Belles of New England The Women of the Textile Mills and the Families Whose Wealth They Wove
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This is a masterful, definitive, and eloquent look at the enormous cultural and economic impact on America of New England's textile mills. The author, an award-winning CBS producer, traces the history of American textile manufacturing back to the ingenuity of Francis Cabot Lodge. The early mills were an experiment in benevolent enlightened social responsibility on the part of the wealthy owners, who belonged to many of Boston's finest families. But the fledgling industry's ever-increasing profits were inextricably bound to the issues of slavery, immigration, and workers' rights. William Moran brings a newsman's eye for the telling detail to this fascinating saga that is equally compelling when dealing with rags and when dealing with riches. In part a microcosm of America's social development during the period, The Belles of New England casts a new and finer light on this rich tapestry of vast wealth, greed, discrimination, and courage.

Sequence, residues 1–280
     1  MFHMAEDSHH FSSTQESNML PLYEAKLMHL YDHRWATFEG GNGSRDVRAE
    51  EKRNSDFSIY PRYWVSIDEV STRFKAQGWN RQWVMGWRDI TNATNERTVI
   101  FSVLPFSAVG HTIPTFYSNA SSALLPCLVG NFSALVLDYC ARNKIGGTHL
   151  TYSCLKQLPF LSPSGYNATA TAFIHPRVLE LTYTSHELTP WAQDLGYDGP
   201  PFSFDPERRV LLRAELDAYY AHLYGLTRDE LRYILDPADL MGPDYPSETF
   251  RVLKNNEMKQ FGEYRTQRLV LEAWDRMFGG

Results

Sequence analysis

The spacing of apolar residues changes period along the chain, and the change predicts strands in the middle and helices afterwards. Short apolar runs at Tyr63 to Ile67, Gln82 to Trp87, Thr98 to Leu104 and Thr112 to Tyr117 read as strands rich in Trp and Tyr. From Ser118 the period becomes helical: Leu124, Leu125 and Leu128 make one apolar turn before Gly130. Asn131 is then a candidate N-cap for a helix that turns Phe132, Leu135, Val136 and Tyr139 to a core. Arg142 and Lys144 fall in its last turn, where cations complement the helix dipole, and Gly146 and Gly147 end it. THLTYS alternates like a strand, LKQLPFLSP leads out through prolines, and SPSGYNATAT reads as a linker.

List price: $22.99
Publisher: St. Martin's Press
Publication date: 3/4/2004
Size: 5.75" wide x 8.50" long x 0.75" tall
|A Place in the Universe The ingenuity of Francis Cabot Lowell brings large-scale textile manufacturing to New England|
|Generations of native-born Americans and immigrants find jobs in the mills|
|Glory of the Nation From the rocky farmland and tranquil villages of New England, women migrate to the mill towns to take their place in the history of the American labor movement|
|The Lords of the Loom Business leaders in Boston expand the textile industry, accumulate great wealth, and ignite a fierce debate over the morality of using|
|Southern slaves to provide the cotton that feeds the mills|
|From Across the Irish Sea Irish laborers build the mills, the Irish famine victims of the mid-nineteenth century replace the Yankee women at the looms|
|Voyagers South The ethnic character of New England is changed forever as the French|
|Canadians of Quebec cross the border to seek opportunity in America|
|Wretched Refuse Poles, Italians, Russians, Jews, and many others weary of Europe's nineteenth-century wars and poverty join|
|The workforce in the New England mills|
|Fighting for Roses Immigrant women lead the great 1912|
|Textile strike in Lawrence, Massachusetts, and the women win|
|Last Bells The shift of textile manufacturing to the South destroys the industry in New England|